“…under [the BBC’s policy] Producer Choice, the workshop could not compete on price and its demise was inevitable.”
Oh the BBC radiophonic workshop! It’s 50 years since it began and ten since neoliberal management killed it. Some video clips and memories at the BBC here. Including the Dalek voice! (Which you could now recreate with this toy.)
Anyway it was a truly ground breaking nest of experimental sound that should be considered along with other pioneers, no accident this kind of experimentation being heard by mass audiences was via a subsidised organisation where innovation was allowed to flourish not murdered in the name of short term profits.
Ten years ago the workshop was disbanded due to costs but its reputation as a Heath Robinson-style, pioneering force in sound is as strong as ever, acknowledged by ambient DJs like Aphex Twin. Although much of its equipment has long been sold off, every sound and musical theme it created has been preserved. To mark its 50 years, there are plans for a CD box-set. Here Dick Mills and Mark Ayres, who both worked there, use the surviving equipment to revive four sounds from the past.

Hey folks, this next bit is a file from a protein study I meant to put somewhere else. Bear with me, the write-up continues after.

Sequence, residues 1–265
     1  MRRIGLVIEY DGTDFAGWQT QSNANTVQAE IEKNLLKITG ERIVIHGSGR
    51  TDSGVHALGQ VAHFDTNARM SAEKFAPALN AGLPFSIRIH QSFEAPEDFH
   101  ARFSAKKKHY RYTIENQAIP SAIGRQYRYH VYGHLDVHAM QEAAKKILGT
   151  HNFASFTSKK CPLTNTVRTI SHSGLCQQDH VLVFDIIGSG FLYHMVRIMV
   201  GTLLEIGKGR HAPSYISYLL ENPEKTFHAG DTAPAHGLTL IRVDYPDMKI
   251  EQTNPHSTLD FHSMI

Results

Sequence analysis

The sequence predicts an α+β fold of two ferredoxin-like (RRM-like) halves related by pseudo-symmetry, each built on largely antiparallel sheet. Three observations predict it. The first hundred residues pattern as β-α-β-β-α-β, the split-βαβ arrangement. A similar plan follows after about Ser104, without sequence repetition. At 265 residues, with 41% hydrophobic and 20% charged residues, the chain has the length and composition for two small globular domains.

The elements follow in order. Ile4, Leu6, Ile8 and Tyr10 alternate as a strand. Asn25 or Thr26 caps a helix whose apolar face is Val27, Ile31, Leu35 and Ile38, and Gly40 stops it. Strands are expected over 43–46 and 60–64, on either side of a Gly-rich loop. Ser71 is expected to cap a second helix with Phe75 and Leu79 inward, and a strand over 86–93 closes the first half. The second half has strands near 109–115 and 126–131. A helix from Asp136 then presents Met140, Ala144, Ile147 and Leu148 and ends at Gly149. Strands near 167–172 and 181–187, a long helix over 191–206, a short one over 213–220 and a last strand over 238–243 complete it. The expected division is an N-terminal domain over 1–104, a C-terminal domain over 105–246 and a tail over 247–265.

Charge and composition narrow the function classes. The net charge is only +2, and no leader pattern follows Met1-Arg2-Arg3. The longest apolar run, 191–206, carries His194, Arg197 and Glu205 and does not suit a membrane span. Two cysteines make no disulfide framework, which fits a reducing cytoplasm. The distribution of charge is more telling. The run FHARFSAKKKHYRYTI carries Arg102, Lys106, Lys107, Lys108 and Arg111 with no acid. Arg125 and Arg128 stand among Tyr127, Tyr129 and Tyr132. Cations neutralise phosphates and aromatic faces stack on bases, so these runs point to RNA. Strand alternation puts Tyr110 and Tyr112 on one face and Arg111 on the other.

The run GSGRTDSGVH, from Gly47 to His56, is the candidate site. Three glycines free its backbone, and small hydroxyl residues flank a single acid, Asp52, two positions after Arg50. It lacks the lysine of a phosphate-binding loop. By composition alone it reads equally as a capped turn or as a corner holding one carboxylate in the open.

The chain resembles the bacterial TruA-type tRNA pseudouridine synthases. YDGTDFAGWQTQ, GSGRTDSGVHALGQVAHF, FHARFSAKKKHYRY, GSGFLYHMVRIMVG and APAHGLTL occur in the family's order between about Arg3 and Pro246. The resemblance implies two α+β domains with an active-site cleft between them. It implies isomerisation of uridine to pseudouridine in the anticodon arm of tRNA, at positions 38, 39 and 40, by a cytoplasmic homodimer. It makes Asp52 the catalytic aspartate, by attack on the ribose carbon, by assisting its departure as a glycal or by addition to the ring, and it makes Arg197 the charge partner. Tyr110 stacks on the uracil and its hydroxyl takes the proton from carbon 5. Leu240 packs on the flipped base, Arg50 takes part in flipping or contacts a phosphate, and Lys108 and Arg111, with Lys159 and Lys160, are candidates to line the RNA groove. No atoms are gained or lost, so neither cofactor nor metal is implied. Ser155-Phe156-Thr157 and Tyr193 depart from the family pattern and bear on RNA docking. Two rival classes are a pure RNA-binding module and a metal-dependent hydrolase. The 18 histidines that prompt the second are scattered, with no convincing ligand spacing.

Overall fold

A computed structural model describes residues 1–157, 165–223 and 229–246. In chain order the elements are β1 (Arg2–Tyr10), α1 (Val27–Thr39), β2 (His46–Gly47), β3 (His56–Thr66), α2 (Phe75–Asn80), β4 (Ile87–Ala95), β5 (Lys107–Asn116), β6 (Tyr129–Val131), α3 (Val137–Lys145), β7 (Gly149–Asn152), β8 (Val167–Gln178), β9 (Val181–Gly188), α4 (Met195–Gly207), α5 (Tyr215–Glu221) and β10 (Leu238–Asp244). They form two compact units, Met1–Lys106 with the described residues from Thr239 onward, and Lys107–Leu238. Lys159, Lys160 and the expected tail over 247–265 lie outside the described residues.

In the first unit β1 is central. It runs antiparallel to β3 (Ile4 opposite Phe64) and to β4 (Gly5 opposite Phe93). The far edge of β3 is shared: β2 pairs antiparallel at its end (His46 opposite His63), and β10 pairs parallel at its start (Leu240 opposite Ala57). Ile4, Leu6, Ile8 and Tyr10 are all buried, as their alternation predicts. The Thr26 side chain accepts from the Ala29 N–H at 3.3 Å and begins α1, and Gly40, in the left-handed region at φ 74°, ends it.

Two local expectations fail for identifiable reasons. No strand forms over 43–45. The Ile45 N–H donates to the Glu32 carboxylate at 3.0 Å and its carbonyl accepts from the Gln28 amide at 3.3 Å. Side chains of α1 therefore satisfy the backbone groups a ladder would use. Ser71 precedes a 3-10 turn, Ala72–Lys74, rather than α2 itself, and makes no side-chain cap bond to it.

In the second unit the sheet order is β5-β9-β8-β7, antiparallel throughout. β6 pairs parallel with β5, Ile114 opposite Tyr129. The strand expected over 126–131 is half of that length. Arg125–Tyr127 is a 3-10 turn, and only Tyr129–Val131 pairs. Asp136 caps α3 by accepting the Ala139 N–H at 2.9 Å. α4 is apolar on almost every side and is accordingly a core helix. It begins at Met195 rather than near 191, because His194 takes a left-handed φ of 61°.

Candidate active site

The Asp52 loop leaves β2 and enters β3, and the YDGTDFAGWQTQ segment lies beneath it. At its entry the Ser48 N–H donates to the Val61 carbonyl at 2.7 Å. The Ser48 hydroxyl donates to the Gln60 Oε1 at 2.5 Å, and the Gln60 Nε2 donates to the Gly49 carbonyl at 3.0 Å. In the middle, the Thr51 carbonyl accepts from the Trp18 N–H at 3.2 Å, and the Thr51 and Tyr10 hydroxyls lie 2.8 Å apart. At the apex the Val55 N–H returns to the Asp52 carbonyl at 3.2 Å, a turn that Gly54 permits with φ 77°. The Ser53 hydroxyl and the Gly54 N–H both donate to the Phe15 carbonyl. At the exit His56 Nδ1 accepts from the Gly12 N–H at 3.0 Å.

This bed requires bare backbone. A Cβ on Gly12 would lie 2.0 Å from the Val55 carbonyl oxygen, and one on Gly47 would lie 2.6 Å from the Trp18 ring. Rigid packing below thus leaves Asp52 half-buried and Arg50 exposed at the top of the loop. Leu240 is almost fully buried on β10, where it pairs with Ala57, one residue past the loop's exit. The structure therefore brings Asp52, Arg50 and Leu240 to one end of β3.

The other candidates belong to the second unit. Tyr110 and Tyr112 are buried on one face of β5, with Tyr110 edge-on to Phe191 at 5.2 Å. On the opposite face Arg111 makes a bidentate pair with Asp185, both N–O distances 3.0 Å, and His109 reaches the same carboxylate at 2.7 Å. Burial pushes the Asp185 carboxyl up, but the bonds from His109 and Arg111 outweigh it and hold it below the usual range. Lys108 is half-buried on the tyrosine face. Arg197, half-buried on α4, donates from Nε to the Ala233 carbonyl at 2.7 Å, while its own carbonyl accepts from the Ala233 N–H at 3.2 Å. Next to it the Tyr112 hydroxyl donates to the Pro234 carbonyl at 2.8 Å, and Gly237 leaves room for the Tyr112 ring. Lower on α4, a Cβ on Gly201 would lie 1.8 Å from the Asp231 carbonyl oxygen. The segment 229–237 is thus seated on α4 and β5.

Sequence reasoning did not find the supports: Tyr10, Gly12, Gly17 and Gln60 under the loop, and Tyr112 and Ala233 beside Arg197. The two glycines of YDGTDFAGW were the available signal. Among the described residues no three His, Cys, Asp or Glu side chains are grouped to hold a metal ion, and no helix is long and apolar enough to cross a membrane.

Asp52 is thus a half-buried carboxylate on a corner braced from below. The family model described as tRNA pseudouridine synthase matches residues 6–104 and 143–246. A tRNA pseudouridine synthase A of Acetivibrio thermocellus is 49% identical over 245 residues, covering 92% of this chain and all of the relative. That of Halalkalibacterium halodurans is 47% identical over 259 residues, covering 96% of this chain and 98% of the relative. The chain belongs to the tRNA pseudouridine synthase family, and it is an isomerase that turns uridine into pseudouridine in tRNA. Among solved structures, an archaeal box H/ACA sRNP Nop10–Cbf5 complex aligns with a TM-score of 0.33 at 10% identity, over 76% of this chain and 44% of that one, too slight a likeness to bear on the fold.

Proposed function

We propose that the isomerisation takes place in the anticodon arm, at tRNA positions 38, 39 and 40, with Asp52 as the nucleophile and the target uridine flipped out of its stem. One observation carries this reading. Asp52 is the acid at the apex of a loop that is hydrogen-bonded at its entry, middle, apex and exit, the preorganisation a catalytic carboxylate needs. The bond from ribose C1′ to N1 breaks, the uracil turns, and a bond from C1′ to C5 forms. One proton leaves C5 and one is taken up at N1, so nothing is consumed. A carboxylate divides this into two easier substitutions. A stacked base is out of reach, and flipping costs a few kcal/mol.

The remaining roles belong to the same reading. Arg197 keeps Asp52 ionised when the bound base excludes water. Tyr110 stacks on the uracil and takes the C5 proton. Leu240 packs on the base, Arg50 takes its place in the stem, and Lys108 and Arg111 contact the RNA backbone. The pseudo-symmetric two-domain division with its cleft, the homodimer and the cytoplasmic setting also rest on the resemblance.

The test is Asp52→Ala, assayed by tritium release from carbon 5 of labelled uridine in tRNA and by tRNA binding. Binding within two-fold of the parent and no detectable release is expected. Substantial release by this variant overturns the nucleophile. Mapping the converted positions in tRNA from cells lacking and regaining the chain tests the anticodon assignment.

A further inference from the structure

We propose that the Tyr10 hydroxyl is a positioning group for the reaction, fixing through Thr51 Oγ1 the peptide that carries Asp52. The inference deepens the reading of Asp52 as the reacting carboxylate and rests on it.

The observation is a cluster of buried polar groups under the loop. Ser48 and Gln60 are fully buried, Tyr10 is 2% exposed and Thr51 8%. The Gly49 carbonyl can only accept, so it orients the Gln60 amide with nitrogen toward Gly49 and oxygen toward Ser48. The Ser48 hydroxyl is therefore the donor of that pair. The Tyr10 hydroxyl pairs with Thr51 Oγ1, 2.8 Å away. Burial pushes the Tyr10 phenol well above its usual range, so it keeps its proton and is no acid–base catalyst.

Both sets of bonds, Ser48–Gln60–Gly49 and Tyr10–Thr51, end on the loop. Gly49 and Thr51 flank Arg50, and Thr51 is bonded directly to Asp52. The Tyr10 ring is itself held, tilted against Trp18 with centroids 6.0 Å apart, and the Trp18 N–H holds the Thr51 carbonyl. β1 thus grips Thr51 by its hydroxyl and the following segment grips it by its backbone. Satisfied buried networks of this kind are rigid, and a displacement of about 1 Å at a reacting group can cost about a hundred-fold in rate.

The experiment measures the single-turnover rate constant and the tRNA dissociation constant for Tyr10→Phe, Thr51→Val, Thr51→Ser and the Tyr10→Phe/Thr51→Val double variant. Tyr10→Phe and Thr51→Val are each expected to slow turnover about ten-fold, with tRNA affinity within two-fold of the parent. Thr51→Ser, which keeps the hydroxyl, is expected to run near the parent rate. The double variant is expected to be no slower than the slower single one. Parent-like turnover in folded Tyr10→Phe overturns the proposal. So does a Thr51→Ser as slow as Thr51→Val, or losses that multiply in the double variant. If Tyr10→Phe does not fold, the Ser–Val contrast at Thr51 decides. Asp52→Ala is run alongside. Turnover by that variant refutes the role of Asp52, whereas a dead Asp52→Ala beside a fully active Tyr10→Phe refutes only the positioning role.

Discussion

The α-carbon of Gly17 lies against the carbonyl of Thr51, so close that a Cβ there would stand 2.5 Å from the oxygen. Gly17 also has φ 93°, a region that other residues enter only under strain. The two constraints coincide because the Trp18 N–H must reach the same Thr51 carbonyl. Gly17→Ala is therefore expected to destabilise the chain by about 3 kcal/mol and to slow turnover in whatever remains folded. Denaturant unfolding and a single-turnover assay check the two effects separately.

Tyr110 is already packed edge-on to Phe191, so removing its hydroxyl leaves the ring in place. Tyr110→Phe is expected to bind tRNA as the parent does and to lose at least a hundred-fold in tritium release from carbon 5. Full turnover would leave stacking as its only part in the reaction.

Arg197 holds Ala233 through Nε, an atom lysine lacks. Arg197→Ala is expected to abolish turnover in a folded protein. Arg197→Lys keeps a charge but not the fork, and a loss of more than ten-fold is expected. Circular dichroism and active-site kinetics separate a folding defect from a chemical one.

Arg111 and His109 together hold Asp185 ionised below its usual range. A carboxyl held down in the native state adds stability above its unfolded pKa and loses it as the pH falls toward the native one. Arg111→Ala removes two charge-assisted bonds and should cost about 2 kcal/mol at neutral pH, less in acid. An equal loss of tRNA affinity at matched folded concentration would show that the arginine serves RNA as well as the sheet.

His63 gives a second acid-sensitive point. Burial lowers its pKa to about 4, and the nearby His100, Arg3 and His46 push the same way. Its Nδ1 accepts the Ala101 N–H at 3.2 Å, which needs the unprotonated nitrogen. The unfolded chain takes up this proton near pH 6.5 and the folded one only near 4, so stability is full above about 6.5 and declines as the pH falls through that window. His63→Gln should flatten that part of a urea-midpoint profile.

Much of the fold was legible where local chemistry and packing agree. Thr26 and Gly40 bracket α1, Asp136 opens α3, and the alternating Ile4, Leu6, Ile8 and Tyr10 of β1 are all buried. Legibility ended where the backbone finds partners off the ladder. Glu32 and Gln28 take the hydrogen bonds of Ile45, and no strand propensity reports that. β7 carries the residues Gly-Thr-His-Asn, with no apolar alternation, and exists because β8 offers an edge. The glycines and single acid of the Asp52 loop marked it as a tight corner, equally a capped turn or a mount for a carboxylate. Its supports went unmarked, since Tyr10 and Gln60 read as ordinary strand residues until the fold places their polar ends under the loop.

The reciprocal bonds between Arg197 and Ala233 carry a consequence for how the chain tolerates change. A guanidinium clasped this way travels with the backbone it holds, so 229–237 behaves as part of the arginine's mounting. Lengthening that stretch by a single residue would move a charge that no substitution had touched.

One pluck of a guitar string became the famous Dr Who bass line. Derbyshire and Mills sped it up and slowed it down to get the different notes, and these were cut to give it an extra twang on the front of every note.
“It slides up to the note every time if you listen carefully,” says Mills. “Delia fabricated the baseline out of two or three lines of tape. You’d be scrabbling around the floor saying ‘Where’s that half-inch of tape I wanted to play on the front of that note?'” Every sound generated by the workshop and used in radio or television is preserved, partly in thanks to archivist Mark Ayres, who worked there while a student.